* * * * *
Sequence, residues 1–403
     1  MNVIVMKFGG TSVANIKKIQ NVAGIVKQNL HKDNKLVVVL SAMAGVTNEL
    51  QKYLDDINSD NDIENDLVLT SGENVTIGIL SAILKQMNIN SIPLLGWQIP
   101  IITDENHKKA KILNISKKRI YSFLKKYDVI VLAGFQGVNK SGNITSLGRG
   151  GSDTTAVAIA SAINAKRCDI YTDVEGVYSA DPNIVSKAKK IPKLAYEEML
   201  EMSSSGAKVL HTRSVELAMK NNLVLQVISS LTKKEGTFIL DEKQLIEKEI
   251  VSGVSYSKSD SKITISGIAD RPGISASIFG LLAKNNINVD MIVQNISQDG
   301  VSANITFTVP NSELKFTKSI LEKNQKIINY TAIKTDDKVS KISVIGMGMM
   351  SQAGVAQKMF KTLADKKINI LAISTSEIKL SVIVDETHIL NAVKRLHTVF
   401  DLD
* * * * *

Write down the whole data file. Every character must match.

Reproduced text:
Sequence, residues 1–403
     1  MNVIVMKFGG TSVANIKKIQ NVAGIVKQNL HKDNKLVVVL SAMAGVTNEL
    51  QKYLDDINSD NDIENDLVLT SGENVTIGIL SAILKQMNIN SIPLLGWQIP
   101  IITDENHKKA KILNISKKRI YSFLKKYDVI VLAGFQGVNK SGNITSLGRG
   151  GSDTTAVAIA SAINAKRCDI YTDVEGVYSA DPNIVSKAKK IPKLAYEEML
   201  EMSSSGAKVL HTRSVELAMK NNLVLQVISS LTKKEGTFIL DEKQLIEKEI
   251  VSGVSYSKSD SKITISGIAD RPGISASIFG LLAKNNINVD MIVQNISQDG
   301  VSANITFTVP NSELKFTKSI LEKNQKIINY TAIKTDDKVS KISVIGMGMM
   351  SQAGVAQKMF KTLADKKINI LAISTSEIKL SVIVDETHIL NAVKRLHTVF
   401  DLD